In the last mile, you encounter the most technical section of the entire race, lovingly named the 16 Golden Stairs, because of the very tight switchbacks containing steep rock steps that shine like gold in the sunlight. Or maybe it’s just the lack of oxygen to your brain that makes you think that? Your brain can play some funny tricks on you during the last five minutes of the race, like telling you that one minute feels like 10 minutes and exclaiming, ‘why are all these rocks trying to trip me!!??’ You have to remind yourself to pick up your feet because those rocks really want to make contact with your face!

Then, one more switchback…. one more turn …then another turn…and another…….. and another. WTF!? OK, there is the finish line just this last big rock to jump onto… if your muscles are still listening to your brain. ‘That might be the most difficult thing I have ever done in my life!’ has come out of quite a few mouths on the top of Pikes Peak at 14,115ft (4,302m). The finish line, finally…. well for those racing the 13.32-mile Ascent race on the Saturday it is. The marathon runners on the Sunday turn here and race back down to Manitou Springs!

If you’ve finished the Ascent, you turn around and witness this…..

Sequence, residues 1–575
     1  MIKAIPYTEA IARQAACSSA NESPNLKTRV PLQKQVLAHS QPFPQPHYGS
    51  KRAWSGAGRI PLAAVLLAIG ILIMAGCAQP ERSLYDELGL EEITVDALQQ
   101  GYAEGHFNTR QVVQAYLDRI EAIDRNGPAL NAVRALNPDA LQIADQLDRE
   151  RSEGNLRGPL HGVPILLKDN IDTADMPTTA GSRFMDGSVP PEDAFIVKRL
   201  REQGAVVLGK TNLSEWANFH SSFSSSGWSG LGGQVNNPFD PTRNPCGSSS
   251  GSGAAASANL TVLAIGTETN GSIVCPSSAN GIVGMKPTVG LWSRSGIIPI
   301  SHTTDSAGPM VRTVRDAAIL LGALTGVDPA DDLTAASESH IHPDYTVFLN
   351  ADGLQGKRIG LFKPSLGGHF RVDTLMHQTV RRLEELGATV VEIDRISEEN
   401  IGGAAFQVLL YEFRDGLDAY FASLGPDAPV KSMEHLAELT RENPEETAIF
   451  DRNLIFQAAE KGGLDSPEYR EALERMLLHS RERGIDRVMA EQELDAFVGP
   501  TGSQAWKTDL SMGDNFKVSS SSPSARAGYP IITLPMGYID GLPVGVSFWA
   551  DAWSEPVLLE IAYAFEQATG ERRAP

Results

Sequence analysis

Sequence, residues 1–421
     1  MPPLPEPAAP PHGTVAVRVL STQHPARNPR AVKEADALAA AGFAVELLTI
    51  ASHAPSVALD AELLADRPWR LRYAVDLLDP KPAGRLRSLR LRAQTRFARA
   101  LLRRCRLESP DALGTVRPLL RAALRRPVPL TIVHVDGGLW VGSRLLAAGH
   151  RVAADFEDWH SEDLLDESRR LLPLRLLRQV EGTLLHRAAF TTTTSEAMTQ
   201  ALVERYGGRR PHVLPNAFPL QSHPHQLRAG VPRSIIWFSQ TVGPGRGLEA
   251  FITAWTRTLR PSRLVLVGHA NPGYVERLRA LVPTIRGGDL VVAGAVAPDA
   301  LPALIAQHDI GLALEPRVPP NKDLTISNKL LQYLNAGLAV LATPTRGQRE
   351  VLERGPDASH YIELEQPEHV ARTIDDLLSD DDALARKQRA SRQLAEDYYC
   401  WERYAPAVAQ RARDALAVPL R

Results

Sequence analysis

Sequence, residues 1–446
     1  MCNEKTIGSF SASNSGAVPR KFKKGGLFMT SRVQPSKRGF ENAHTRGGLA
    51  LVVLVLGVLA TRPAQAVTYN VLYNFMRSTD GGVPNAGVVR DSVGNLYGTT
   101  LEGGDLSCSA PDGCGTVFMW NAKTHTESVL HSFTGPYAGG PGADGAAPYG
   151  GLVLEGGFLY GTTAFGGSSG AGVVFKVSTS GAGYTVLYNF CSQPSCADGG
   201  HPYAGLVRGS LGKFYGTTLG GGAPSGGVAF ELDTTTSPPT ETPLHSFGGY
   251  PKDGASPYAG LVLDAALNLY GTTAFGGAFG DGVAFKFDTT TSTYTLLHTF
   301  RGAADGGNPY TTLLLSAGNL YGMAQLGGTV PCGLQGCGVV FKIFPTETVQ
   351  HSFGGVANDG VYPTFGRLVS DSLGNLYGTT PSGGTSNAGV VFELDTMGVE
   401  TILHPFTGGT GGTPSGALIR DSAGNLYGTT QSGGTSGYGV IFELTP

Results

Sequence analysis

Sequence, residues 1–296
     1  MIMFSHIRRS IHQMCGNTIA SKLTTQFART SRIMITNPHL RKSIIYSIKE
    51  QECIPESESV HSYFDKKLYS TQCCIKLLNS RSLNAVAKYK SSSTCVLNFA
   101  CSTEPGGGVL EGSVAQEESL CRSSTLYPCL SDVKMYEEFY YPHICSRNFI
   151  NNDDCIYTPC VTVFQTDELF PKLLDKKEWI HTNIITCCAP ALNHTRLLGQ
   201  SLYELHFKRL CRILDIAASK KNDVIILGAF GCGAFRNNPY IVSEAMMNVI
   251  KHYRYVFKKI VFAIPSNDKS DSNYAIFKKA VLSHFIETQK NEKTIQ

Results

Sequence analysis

Peter Maksimow inov-8 blog about Pikes Peak. Photo by Peter Maksimow

….. and it is all worth it. And immediately you break into song:

America the Beautiful
O beautiful for spacious skies,
For amber waves of grain,
For purple mountain majesties
Above the fruited plain!
America! America!
God shed His grace on thee
And crown thy good with brotherhood
From sea to shining sea!

Peter Maksimow inov-8 blog about Pikes Peak. Photo by Peter Maksimow

It’s a long way down to Manitou Springs from the summit. Photo: Peter Maksimow.

Celebrating Colorado’s incredible running legacy

Last year, before the 60th running of the Pikes Peak Ascent & Marathon, the ‘Run Fest’ was added as a way to celebrate the region’s incredible running legacy. Who doesn’t like a big party for someone that has lived this long!? So once again this year some of the world’s best mountain runners with rub shoulders with the middle of the pack runners and the general public. Arlene Pieper will also make a guest appearance and tell stories of her historic journey that happened 57 years ago.

Peter Maksimow inov-8 blog about Pikes Peak. Photo by Alex Nichols

TrailTalon: The ultimate shoe for running on hard-packed trails. Read TrailTalon reviews. Photo: Alex Nichols.

The perfect trail running shoes for the Pikes Peak Ascent & Marathon

On Saturday, I will be breaking out the new TrailTalon 250 to climb Pikes Peak in the Ascent, then I will come back on Sunday (valiantly or stupidly) and do it all again, but this time I will turn around and run back down the mountain in the Marathon.

I will keep in my woozy mind that I am part of an amazing 61 years of rich history that includes some other the most passionate spectators, volunteers and fans, all alongside some of the most talented mountain runners in the world. Oh, and I can guarantee you there will be cow bells! After all, I didn’t need to travel across the Atlantic Ocean when I could have just stepped out of my front door and taken in the Purple Mountain Majesties!

Peter Maksimow inov-8 blog about Pikes Peak. Photo by Peter Maksimow

Purple Mountain Majesties. Photo: Peter Maksimow.